The Relationship Between Cognitive Emotion Regulation and Clinical Symptoms
Backus, Faedra. “The Relationship Between Cognitive Emotion Regulation and Clinical Symptoms”. PhD, Boston College, 2013. http://hdl.handle.net/2345/3088.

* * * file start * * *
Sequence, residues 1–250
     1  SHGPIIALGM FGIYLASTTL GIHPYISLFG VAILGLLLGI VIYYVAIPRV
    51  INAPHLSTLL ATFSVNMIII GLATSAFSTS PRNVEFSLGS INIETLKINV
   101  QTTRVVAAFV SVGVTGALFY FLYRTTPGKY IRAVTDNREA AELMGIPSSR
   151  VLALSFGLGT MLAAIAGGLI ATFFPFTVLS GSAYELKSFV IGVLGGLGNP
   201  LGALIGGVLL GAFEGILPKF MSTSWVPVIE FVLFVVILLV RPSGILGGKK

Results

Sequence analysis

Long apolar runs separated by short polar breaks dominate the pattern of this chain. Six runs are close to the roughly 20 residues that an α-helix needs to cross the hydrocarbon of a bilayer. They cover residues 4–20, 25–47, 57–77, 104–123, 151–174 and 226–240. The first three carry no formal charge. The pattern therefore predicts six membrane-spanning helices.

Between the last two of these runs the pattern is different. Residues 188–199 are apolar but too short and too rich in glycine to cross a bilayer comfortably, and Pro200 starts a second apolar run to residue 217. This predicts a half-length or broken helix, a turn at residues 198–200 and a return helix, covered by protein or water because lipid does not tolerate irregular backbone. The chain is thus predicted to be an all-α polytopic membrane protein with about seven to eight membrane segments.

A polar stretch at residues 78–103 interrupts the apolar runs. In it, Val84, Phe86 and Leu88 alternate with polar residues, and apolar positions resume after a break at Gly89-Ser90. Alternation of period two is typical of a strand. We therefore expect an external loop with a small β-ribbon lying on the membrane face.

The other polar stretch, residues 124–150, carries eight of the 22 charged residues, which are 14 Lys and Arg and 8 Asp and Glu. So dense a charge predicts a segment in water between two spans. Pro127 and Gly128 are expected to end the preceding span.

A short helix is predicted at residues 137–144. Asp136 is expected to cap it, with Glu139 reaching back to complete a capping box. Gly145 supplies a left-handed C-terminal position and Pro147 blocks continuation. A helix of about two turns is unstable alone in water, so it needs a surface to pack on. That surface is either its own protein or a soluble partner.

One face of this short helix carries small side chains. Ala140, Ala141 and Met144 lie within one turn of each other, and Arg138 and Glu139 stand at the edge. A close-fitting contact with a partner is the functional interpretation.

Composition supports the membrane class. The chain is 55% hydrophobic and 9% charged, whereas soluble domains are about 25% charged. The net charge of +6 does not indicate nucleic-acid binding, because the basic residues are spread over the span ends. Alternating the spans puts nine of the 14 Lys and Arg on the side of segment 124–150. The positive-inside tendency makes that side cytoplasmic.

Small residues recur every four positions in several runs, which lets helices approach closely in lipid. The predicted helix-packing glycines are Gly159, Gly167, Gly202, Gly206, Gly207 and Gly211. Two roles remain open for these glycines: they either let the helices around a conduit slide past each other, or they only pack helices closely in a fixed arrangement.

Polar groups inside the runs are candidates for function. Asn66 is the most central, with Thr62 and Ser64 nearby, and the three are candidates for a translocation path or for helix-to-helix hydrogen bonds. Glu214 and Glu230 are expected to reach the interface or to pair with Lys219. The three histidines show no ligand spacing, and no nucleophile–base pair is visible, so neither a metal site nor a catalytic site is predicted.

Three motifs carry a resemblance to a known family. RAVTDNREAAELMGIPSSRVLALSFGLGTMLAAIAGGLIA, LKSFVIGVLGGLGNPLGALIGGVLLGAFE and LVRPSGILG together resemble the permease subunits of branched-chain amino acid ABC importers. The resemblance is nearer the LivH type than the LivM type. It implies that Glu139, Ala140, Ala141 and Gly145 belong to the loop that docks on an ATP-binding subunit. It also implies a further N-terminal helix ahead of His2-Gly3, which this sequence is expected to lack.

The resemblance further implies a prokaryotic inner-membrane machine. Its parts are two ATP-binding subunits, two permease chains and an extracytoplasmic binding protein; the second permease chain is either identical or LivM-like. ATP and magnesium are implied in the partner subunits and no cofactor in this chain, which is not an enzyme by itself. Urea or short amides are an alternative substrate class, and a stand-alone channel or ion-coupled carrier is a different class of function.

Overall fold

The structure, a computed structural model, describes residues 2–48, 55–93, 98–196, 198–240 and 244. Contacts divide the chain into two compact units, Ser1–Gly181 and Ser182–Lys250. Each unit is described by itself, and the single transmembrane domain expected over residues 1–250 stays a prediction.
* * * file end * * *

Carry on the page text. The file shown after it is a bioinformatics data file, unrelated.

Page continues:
Epidemiological studies consistently identify markedly higher rates of depression and anxiety in women than in men. Susan Nolen-Hoeksema's (1991) response styles theory posits that women's higher use of rumination contributes to these differences in rates of depression. The purpose of this dissertation was to extend this theory with the inclusion of conformity to gender role norms as a meaningful predictor of women's and men's tendencies to use of a variety of cognitive emotion regulation strategies, including rumination. The current study also sought to examine relationships among cognitive emotion regulation strategies and both depression and anxiety. Adult women and men (N = 754) completed an online survey including measures of conformity to masculine and feminine gender role norms, 10 cognitive emotion regulation strategies (rumination, distraction, self-blame, acceptance, positive refocusing, refocus on planning, positive reappraisal, putting into perspective, catastrophizing, and other-blame), depression, and anxiety. Results of regression analyses indicated that use of particular cognitive emotion regulation strategies predicted levels of depression and anxiety. Specifically, self-blame, rumination, and distraction were associated with higher levels of both depression and anxiety. Other-blame was also associated with higher levels of anxiety. In contrast, acceptance and refocusing on planning were associated with lower anxiety scores. Women were more likely, by a small margin, to endorse use of both rumination and distraction, however, significant sex differences in reported levels of depression and anxiety were not found. Further, conformity to gender role norms did not explain the sex differences that were found in the use of rumination and distraction. Finally, analysis of a structural equation model, designed to examine an extended version of response styles theory, supported the regression findings and provided additional information about the relationships among conformity to gender role norms, cognitive emotion regulation strategies, and symptoms of depression. Implications for clinical practice and suggestions for future research are discussed, including the importance of exploring alternative meaningful components of within-group variability for women and men.